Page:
Guide to the Olympics: Downhill

Like thoroughbred racing but with more cowbells, downhill races seem to be the most captivating event at the Olympics. Go to watch the Austrians and ski racing’s favorite girl, Lindsey Vonn.
Lindsey Vonn

There’s something captivating about spandex-clad competitors hurtling down a mountain faster than most people drive. In downhill, racers willingly point their skis down an ice-impregnated, two-mile course filled with nail-biting turns and massive jumps. Not much has changed since the 1948 Olympic debut of the sport. Today competitors go a little faster, wear high-tech speed suits, and use every modern ski-tuning method available to shave off a hundredth of a second. But ultimately it’s still a question of who has the huevos to hold a turn on blue ice at 80 miles an hour. The undisputed answer: Austrians. Since 1948, they’ve had more Olympic downhill podiums than any other country. And in the men’s current FIS standings, Austrians hold the top three spots. If you’re watching this year’s spectacle in person, go to the grandstand at the bottom of Whistler’s Dave Murray Downhill course, where the final jump, named Hot Air, will launch competitors up to 60 feet into the finish line. Plus, you’ll be closer to beer and farther from the cursed cowbell ringers.

Ones to Watch: Austrians and Lindsey Vonn.

Austria’s Michael Walchhofer, who took silver at the 2006 Olympics, may be the crowd favorite. But instead, watch his countryman Klaus Kroell. He took 22nd in Torino and was 19th on the FIS circuit in 2006. Last winter, Kroell won the Hahnenkamm downhill with a broken hand. This year, he’s second on the FIS circuit and poised to upset the older Walchhofer. And don’t forget America's own Lindsey Vonn (left). Currently first in FIS downhill standings, Vonn has more World Cup wins than any other U.S. female racer.

Also, check out a guide to:

Ski Cross




Ski Cross

Guide to the Olympics: Ski Cross

Welcome to the throwdown, year one, also known as ski cross. A Winter X Games event since 1998, ski cross premieres this year as an event in the Winter Olympics. If you are wondering about gold, make sure to watch the two former ski racers, Daron Rahlves and Casey Puckett, participating in the event.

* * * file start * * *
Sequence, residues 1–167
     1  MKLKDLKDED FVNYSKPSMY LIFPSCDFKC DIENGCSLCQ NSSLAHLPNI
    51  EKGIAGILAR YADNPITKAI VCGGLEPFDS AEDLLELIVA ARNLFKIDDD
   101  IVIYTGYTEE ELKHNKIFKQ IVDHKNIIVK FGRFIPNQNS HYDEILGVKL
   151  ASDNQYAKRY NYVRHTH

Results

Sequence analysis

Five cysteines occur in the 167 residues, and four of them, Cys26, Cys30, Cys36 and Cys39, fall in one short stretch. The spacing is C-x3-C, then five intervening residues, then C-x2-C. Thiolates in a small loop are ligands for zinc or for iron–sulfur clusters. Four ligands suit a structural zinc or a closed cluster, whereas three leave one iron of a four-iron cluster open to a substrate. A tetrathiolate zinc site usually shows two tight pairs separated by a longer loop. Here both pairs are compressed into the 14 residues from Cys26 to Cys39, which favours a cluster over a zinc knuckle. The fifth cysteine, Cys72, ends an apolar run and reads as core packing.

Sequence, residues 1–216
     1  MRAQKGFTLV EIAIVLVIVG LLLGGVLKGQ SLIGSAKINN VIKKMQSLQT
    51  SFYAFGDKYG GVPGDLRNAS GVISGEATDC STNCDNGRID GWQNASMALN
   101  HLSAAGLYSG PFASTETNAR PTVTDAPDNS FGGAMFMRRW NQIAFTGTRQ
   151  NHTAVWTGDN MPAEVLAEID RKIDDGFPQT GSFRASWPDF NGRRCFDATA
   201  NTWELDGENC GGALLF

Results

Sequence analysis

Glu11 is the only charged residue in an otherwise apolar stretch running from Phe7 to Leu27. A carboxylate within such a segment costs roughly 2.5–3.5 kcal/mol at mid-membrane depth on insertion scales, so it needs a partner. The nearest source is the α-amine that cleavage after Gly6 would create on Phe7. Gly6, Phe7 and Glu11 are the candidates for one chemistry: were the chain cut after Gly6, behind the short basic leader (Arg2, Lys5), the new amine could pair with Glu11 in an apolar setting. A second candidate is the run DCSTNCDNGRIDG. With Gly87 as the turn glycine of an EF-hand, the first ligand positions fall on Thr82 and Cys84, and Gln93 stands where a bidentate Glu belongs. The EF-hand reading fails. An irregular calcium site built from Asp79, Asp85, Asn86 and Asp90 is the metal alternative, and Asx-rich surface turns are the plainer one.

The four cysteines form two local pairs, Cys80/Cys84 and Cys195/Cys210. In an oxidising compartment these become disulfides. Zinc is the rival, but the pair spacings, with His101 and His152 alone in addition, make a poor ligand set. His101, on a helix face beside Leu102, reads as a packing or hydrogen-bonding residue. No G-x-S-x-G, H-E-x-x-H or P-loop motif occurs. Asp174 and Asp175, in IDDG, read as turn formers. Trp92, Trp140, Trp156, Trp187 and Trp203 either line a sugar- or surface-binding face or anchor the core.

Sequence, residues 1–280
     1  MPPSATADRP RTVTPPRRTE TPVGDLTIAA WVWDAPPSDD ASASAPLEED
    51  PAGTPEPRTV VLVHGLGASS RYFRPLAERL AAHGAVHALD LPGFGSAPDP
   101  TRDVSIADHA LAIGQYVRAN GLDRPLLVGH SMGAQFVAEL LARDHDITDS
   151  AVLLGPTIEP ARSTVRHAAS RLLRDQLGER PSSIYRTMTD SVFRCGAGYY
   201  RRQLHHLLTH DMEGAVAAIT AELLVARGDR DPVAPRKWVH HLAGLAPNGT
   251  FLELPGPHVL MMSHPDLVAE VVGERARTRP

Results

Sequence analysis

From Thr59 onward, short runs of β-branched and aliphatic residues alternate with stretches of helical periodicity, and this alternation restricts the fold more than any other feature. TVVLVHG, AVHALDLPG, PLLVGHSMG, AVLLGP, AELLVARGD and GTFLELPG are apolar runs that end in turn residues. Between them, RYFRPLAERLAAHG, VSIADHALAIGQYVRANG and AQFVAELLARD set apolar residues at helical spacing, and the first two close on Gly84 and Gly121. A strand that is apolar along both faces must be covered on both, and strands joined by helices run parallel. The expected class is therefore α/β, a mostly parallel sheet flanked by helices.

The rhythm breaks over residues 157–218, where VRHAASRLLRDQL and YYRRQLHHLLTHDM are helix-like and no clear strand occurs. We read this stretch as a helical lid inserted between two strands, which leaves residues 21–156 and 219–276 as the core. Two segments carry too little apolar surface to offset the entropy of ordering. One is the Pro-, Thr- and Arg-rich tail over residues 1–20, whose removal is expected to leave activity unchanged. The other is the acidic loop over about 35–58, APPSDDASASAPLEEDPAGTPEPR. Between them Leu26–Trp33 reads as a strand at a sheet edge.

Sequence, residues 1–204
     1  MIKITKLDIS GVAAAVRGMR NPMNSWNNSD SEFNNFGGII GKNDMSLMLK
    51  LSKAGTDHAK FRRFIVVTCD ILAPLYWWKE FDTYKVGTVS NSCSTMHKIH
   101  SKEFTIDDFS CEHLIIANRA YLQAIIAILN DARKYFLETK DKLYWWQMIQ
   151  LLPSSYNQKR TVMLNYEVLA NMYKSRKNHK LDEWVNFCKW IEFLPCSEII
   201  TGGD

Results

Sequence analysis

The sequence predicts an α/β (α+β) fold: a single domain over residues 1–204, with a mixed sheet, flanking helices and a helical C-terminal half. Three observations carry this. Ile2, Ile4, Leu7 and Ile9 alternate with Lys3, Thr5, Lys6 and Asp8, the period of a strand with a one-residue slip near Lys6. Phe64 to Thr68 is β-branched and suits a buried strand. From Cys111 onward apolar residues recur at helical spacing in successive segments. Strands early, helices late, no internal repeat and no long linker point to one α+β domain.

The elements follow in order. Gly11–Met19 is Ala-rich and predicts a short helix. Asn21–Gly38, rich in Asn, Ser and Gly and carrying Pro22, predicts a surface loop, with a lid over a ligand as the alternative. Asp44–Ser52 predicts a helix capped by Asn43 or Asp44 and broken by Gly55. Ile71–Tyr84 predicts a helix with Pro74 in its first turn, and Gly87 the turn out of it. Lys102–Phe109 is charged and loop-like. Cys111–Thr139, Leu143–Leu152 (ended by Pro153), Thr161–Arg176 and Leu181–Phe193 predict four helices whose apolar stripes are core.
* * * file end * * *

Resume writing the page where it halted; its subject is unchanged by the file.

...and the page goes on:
Vonn in gold, Mancuso in silver

Women's Downhill: Vonn Takes Gold, Mancuso Takes Silver

After a much hyped shin injury (Lindsey Vonn) and a made-for-TV rivalry (Lindsey and fellow racer Julia Mancuso), the results of today's women's downhill from the Winter Olympic Games in Whistler are finally in. We're so thankful all the hype was worth it.

Olympic Moguls

Guide to the Olympics: Moguls

The precursor to slopestyle, moguls are as close as you will get to watching off-axis 720’s. Twenty-three year old American mogul skier Hannah Kearney seems like a promising gold medal pick for the event, held at Cyprus Mountain, just 20 miles from Vancouver.


Lindsey vs. Julia: Catfight?

One girl's a media darling with a banged up shin and a medley of World Cup victories. The other is a Victoria's Secret-style vixen with a bad back and a gold medal. Ski racer Lindsey Vonn wants what Julia Mancuso's already got: an Olympic gold. You can watch them go head to head during Wednesday's Olympic downhill in Whistler.

Jean-Baptiste Grange

Guide to the Winter Olympics: Slalom Ski

It’s all about precision. And personality. Historically slalom racers have gone on to become racecar drivers, actors, and even personalities branded with their own perfume line. Check out our picks for racers we think might podium or have a future in Hollywood.

Lindsey's Brother's New Haircut

Vonn Bakes Banana Bread Before Today's Downhill

How does the best skier in the world prepare for today's Olympic downhill race? If you're Lindsey Vonn, you bake banana bread and shave your little brother's head. And your family gets together for a regular, 'ol Midwestern party—minus the karaoke and cheese curds.

Julia and Lindsey Celebrating

1-2 USA: Celebrating Ski History

Lindsey Vonn and Julia Mancuso made history yesterday when they claimed the gold and silver in the ladies downhill. We were there while they toasted glasses of champagne and celebrated with friends and family.

Julia Mancuso

Vonn Crashes; Julia Cries in Women's GS

It was an unlucky day for America's two top female ski racers: Lindsey Vonn crashed into the fence during the GS race and obstructed the run of her teammate Julia Mancuso, who was granted a rerun but finished a disappointing 1.30 seconds behind the current leader. The second run of the race takes place Thursday.